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  • Hi guys, welcome back to English with Max.

  • Today I am going to talk about some of the most common mistakes made by non-native English-speakers.

  • Please remember that mistakes are OK.

  • Nobody is perfect and it is often by making mistakes that we learn the best. Plus mistakes can

  • sometimes just be really funny. However, there are two reasons why you should try to reduce

  • the number of mistakes you make. Firstly, people will probably understand you better,

  • and secondly, particularly if you are in a professional or an academic situation,

  • people will most likely take you more seriously. I know that sounds superficial, but unfortunately it is the truth.

  • The mistakes I'm going to talk about aren't specific to one nationality or to one group of people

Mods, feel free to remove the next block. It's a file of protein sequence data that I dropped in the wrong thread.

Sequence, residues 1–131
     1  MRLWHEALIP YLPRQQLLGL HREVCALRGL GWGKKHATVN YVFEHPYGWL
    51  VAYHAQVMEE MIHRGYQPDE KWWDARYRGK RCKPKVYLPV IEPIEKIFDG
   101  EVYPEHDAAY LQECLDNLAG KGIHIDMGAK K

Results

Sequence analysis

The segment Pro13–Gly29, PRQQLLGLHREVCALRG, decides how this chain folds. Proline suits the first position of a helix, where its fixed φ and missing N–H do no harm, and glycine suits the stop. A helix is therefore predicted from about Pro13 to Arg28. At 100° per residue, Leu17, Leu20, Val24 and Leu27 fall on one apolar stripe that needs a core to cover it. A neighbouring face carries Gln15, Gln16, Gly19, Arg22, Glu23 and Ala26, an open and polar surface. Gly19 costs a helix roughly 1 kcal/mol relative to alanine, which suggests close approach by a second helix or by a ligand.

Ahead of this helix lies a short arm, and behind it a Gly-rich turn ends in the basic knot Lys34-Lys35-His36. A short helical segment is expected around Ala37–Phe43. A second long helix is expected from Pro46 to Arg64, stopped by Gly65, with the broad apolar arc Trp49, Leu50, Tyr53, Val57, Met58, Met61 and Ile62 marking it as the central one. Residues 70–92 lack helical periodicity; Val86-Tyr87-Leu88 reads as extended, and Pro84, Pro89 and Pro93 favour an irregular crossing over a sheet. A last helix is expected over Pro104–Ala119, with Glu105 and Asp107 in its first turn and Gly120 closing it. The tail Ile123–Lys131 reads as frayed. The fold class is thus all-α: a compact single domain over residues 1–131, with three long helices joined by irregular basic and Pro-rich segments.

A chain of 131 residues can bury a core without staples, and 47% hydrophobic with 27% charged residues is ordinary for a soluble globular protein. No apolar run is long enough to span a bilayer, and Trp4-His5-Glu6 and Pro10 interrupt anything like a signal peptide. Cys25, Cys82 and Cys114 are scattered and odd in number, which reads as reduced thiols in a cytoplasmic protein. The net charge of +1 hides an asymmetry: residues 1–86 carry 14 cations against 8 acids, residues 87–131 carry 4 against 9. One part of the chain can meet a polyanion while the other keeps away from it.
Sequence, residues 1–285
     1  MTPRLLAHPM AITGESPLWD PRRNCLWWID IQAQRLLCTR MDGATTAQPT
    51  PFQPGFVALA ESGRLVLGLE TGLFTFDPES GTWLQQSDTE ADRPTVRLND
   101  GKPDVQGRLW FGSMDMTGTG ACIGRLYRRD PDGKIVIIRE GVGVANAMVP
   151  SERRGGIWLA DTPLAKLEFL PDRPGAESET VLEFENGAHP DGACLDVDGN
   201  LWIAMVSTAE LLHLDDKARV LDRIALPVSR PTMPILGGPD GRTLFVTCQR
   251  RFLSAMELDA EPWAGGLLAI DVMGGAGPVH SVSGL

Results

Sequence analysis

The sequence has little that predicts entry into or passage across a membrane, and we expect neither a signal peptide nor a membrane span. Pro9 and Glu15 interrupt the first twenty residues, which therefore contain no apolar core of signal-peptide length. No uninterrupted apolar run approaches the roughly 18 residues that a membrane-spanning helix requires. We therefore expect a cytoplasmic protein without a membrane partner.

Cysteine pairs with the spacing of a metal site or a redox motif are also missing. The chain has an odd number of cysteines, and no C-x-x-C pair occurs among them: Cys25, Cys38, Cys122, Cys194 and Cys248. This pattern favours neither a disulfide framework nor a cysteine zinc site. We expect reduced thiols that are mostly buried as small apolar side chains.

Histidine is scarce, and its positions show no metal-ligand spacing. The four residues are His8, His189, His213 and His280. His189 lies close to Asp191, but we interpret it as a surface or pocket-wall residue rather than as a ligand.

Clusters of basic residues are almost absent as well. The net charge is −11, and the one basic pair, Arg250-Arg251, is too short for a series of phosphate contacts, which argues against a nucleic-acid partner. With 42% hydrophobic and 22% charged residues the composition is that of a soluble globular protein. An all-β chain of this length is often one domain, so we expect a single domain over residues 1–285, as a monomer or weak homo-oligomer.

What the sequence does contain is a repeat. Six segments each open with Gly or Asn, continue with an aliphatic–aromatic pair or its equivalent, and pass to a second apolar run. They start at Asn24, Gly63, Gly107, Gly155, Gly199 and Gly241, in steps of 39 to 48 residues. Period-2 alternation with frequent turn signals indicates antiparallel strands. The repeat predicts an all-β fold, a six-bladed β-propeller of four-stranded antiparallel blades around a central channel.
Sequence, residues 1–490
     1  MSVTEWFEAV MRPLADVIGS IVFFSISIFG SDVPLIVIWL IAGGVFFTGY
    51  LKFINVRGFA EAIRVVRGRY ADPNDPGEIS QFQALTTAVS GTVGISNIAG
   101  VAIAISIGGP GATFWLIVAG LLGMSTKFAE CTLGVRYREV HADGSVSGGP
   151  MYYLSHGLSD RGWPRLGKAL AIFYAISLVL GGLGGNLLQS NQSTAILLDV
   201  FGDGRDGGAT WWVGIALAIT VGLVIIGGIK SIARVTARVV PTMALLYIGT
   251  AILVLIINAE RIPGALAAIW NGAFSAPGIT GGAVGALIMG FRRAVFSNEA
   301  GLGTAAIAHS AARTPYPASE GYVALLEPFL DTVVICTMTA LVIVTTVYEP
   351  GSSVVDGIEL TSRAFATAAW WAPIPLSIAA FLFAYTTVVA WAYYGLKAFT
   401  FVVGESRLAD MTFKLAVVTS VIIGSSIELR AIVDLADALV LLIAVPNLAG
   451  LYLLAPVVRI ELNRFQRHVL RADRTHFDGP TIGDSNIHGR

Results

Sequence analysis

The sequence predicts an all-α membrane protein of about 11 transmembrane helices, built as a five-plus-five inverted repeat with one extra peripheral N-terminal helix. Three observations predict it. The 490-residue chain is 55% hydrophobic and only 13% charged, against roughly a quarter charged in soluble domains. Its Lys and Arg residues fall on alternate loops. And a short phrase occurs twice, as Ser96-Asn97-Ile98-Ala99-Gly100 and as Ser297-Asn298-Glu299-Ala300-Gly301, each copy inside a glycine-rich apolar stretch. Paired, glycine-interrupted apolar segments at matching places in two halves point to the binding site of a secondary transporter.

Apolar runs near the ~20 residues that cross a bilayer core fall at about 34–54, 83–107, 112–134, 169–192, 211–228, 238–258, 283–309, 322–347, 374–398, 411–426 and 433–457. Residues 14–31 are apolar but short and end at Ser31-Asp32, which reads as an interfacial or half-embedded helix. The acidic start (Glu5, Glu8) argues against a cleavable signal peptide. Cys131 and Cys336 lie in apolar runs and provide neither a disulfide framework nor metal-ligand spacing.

• who have the same native language. These are mistakes that people from many different places make.

  • First I'm going to show you the mistake, so I'll show you a phrase or a sentence that has a mistake in it.

  • Then I'll give you a few moments to see if you can identify the mistake,

  • and then I'll give you the correction and the explanation.

  • Here we go.

  • Number one: Jim has blue eyes and brown hairs.

  • Yes, the correction is: Jim has blue eyes and brown hair.

  • The reason we leave off the "s" is because normally the word "hair" is uncountable.

  • If we are talking about the hair on our head, we have to say "hair".

  • You can say "hairs" sometimes in English. For example, if you see some strands of hair on your bathroom floor,

  • if you can count them individually, you can say: "There are hairs on my bathroom floor."

  • You can also say "hairs" if there are some

  • hairs on a part of your body where normally you don't have much hair.

  • For example, I could say: "There are hairs growing out of my ears."

  • That means it's time to get the tweezers out.

  • Just remember that if it is the hair on your head, you have to say: "Jim has brown hair."